9) Kingdom Tide by Rye Curtis

Now, I didn’t expect this book to be on the list but as I came to write this blog post I realised I couldn’t stop thinking about this book. Then I realised I’d been thinking about it all year. I remember the brilliant writing and the characters and the powerful connections between. And that to me is a sign of a great book. I read this back in January. You can check out my full review here.

10) Rainbow Milk by Paul Mendez.

I read this early on in the year and just knew it would make it on the list. I loved every page. It has so much to say on queerness and race in the uk. It’s so captivating and beautifully written and I’d love more people to read this one. It’s stunning. I’ll look forward to whatever Paul writes next. You can check out my full review here.

So there we have it. My top 10 books of the year. And what a crazy year its been. But I’m so thankful to these books for letting me escape inside them and keeping me sane.

Have you read any of these? Or do you plan to? Let me know in the comments.

Until the next review

Jthbooks

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Top 10 Queer books of 2020

Has this been the year I’ve read the most queer books I’ve ever read? Yes, yes it has. Does that make creating a top ten list very hard? Yes. Yes it does. Am I still going to do it? Yes. Yes I am.

2020 has been the year I’ve really expanded my queer reading. As a white gay man, I was mainly reading stories by white gay authors about white boys falling in love. But I’m pleased to say my queer reading has really diversified this year. I’ve read more queer books by black authors, more sapphic books, some queer fantasy, some books by trans and non binary authors. Books like these will only get published if we support them.

So lets talk about the queer books shall we? (These are in no particular order)

1) The Prophets by Robert Jones Jr. This is the most incredible book. It’s the queer historical fiction book I’ve been waiting for. It’s heartbreaking, its life affirming, its got the purest and the most intimate love story I’ve read in a long time. It’s a love story between two black slaves, its never been dove before and it needed to be. It gives a voice to queer history.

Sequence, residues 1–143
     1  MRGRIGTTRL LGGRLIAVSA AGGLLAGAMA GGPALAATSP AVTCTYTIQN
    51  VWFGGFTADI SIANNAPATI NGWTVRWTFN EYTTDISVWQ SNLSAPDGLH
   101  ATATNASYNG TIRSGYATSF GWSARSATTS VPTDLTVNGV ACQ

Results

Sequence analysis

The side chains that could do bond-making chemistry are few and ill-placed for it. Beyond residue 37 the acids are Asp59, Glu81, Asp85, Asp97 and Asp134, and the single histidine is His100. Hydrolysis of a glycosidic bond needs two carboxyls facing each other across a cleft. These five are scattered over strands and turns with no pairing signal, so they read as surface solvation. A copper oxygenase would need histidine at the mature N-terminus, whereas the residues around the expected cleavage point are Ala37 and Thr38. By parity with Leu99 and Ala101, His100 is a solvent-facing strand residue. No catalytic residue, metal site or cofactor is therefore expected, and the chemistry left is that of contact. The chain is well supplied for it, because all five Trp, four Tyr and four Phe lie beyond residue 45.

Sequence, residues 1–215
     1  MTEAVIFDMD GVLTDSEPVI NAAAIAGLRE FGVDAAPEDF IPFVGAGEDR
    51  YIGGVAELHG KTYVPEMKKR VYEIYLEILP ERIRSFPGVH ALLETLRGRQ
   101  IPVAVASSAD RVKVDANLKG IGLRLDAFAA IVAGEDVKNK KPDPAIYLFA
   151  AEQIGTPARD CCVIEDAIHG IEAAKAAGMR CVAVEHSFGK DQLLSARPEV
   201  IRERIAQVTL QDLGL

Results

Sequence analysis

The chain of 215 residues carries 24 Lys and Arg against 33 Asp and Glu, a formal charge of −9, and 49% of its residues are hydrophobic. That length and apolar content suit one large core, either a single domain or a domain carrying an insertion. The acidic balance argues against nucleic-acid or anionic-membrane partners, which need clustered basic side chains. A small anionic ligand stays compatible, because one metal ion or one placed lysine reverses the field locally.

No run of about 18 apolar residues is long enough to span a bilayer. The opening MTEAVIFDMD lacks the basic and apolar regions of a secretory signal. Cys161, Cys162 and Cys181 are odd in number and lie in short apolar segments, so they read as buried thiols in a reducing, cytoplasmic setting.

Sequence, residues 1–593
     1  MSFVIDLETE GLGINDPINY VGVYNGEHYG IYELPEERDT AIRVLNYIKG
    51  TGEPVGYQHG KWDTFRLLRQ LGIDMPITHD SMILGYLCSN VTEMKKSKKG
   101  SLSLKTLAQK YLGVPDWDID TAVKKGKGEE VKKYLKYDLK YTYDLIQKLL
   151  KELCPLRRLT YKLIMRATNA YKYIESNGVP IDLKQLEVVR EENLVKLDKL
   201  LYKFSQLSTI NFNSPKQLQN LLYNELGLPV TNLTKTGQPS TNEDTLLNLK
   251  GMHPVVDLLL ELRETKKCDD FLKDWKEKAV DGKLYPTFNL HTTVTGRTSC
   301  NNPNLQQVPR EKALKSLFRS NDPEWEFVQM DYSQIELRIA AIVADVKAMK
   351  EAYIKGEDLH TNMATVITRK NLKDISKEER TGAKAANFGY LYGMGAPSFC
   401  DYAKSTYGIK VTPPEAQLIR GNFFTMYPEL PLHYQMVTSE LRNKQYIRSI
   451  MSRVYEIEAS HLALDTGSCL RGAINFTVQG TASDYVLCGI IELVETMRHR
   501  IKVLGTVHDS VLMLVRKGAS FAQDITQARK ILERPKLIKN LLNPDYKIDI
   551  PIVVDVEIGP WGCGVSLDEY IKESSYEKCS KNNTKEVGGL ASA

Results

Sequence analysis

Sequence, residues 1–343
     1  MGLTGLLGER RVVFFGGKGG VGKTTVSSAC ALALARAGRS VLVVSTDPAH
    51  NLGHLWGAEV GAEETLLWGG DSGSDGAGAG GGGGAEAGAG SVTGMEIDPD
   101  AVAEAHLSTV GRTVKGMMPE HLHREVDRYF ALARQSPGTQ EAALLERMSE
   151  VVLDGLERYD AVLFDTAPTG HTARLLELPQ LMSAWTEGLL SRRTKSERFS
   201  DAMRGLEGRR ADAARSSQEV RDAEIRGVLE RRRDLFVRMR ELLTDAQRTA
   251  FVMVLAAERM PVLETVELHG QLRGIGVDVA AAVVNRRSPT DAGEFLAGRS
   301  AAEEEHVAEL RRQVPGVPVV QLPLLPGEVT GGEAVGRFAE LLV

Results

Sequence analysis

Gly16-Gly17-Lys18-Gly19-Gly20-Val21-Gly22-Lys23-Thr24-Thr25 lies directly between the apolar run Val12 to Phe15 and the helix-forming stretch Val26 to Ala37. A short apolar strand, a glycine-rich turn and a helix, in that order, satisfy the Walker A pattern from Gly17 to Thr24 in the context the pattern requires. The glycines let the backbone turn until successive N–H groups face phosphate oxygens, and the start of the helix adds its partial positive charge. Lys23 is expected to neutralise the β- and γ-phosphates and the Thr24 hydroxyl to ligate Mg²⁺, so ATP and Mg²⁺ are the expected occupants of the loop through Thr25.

2) The Black Flamingo by Dean Atta. This book is phenomenal. It had me in an absolute flood of tears. It is so beautifully written. It just captures all those feeling of being a young gay person and feeling lost. It truly is brilliant. I think this book should be required reading for everyone. And it’s got some beautiful poetry in too.

3) Camp by L. C. Rosen. I adore this book. It’s the first book I read that tackled toxic masculinity. It was the first time I read a book that saw femme guys as the love interest and I think its so incredibly powerful. It’s the book I wish I had when I was younger. It’s also incredibly fun and entertaining. It’s also got a wonderful love story.

4) Felix Ever After by Kacen Callender. This book is so powerful. It’s the kind of book that will capture your heart and educate you at the same time and to me that great fiction for you. It follows are trans big who is the main character, who is the love interest and that kind of representation is so important. I know this book has helped so many people. Please read this one if you haven’t.

5) Hideous Beauty by William Hussey. This is an incredibly addictive and thrilling young adult book. I read it in one night. I’ve never done that before. I just couldn’t put it down. It’s got a mystery you just want to know the answer to and a sweet lovely. I’m looking forward to Williams next book. You can check out my full review here.

6) You Should See Me In A Crown by Leah Johnson. This is a brilliant young adult contemporary novel that celebrates black girl magic and the first time falling in love. The romance between the two girls is so adorable and charming, but this book as has an important message. You fly through it and be left wanting to read more from this author. You can check out my full review here.